Male Infertility Treatment
Male infertility is any health condition that decreases a man’s chances of impregnating his female partner. Approximately 10% – 15% of couples in the U.S. can’t conceive when trying. Frequently, infertility is due, in part, to faulty sperm production or function.
Signs and Symptoms
While many times the only symptom of male infertility is the inability to conceive, there may be signs or symptoms of underlying issues, such as a hormonal imbalance or a condition that blocks the passage of sperm.
Any of the following may be present when experiencing male infertility:
- Problems with sexual function (may include difficulty ejaculating, reduced libido, or erectile dysfunction)
- Pain, swelling, or lump in the testicle area
- Recurrent respiratory infections
- Inability to smell
- Abnormal breast growth
- Decreased facial or body hair, or other signs of a chromosomal or hormonal abnormality
- Having a lower than normal sperm count (fewer than 15 million sperm per milliliter of semen or a total sperm count of less than 39 million per ejaculate)
Causes and Risk Factors
Because male infertility is such a complex issue, there are a number of factors that may play a role in causing it.
- Varicocele – Swelling in the veins that drain the testicle, resulting in reduced sperm quality.
- Infection – Some infections, including epididymitis, orchitis, and sexually transmitted diseases, can interfere with sperm production or health.
- Retrograde ejaculation – Semen enters the bladder during orgasm instead of being discharged out of the penis.
- Anti-sperm antibodies – Immune system cells that mistakenly identify sperm as harmful invaders and attempt to eliminate them.
- Tumors – Cancers and nonmalignant tumors can affect the male reproductive organs directly, as can radiation and chemotherapy.
- Undescended testicles – Decreased fertility is common in men whose testicles didn’t descend from the abdomen into the scrotum.
- Hormone imbalances – Any disorder of the hormonal systems can cause low testosterone and other hormonal issues that can decrease sperm production.
- Blockage of tubules – The tubes that carry sperm can be blocked due to injury, infection, or abnormal development.
- Chromosome defects – Inherited disorders, such as Klinefelter syndrome, cystic fibrosis, Kallman syndrome, and Kartagener syndrome, can cause abnormal development and/or function of the male reproductive organs.
- Problems with sexual intercourse – These may include erectile dysfunction, premature ejaculation, painful intercourse, or anatomical abnormalities.
- Celiac disease – Sensitivity to gluten can contribute to male infertility.
- Industrial chemicals – Extended exposure to benzenes, toluene, xylene, pesticides, herbicides, organic solvents, painting materials, and lead may contribute to low sperm counts.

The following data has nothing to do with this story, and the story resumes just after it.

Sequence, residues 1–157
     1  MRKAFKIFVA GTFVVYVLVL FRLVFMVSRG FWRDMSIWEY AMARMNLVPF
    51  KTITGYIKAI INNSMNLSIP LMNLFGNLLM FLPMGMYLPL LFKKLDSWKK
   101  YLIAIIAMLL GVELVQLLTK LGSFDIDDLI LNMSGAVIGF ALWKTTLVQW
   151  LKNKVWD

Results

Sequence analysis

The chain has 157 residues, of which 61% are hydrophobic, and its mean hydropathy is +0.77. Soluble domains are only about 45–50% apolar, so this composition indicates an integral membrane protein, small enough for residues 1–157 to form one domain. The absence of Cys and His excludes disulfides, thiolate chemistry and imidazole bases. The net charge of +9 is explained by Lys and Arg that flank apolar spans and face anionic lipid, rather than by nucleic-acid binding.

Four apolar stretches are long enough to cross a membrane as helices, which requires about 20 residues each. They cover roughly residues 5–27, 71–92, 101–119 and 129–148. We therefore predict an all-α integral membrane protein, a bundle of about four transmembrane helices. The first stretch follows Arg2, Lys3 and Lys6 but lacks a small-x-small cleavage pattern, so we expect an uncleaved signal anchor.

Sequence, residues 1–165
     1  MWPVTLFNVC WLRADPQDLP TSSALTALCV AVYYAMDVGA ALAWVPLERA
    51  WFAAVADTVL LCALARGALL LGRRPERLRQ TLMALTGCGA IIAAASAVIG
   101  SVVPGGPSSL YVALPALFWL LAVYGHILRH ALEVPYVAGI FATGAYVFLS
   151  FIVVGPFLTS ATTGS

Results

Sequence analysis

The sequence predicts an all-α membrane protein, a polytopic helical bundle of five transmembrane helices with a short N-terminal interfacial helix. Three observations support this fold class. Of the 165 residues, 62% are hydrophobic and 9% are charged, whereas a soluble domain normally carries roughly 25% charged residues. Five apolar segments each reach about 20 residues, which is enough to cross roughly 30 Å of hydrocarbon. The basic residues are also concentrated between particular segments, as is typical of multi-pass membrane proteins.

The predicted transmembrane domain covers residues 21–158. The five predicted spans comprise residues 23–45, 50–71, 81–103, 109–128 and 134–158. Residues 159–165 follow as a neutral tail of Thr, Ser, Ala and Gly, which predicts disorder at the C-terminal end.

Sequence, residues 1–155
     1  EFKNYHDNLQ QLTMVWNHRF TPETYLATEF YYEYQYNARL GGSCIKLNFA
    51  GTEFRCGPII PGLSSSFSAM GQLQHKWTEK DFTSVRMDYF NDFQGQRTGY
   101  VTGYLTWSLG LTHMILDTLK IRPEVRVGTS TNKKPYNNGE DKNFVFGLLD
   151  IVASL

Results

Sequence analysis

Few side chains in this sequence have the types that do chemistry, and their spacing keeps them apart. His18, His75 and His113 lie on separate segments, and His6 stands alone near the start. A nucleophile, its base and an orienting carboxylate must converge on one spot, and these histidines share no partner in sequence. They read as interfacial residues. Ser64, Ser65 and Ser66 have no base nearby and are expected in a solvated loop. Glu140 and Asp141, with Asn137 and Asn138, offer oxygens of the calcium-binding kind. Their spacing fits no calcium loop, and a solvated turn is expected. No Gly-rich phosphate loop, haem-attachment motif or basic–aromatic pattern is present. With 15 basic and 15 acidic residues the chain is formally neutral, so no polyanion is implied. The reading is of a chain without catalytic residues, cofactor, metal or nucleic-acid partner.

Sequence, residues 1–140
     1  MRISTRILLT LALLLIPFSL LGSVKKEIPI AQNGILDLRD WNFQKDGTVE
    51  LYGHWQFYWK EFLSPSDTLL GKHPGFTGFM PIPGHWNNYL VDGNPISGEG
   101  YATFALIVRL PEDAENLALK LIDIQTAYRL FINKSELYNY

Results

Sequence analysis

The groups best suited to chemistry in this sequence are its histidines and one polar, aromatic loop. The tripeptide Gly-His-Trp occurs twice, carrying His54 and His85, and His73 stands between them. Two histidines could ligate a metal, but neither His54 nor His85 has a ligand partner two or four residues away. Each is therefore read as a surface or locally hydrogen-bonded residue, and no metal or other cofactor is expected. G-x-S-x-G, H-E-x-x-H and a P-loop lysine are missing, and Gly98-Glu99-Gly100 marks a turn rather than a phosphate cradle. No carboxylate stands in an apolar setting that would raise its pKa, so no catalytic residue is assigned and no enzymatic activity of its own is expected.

- Heavy metal exposure – Exposure to lead or other heavy metals may cause infertility.
- Radiation or X-rays – Exposure to radiation can reduce sperm production. With high doses of radiation, sperm production can be permanently reduced.
- Overheating the testicles – Elevated temperatures, like during frequent usage of a hot tub or sauna, may impair sperm production and function.
- Illicit drug use – Use of anabolic steroids, cocaine, or marijuana can reduce the quality and quantity of viable sperm.
- Alcohol use – Excessive drinking can lower testosterone levels, cause erectile dysfunction, and decrease sperm production.
- Tobacco smoking – Men who smoke may have a lower sperm count than nonsmokers.
- Emotional stress – Stress can interfere with certain hormones needed to produce sperm. Unfortunately, the stress associated with failure to conceive can make conception even more difficult.
- Weight – Obesity can impair fertility by reducing the quality of sperm and by causing hormone changes that lead to infertility.
After tests verify that the inability to conceive is due to male infertility issues, there are several treatments and procedures your doctor may recommend to promote conception.
Treatments for male infertility include:
- Surgery, such as removal of obstructions and sperm retrieval procedures
- Antibiotic treatment of infections
- Medication and/or counseling for sexual problems, such as erectile dysfunction
- Hormone replacement or medication
- Assisted reproductive technology (ART), which obtains sperm outside of sexual intercourse and then inserts the sperm into the female genital tract
If you and your partner are experiencing male infertility, the Urology specialists at Kelsey-Seybold Clinic in Houston can help determine the cause of the problem and recommend treatment and guidance to improve chances of conception.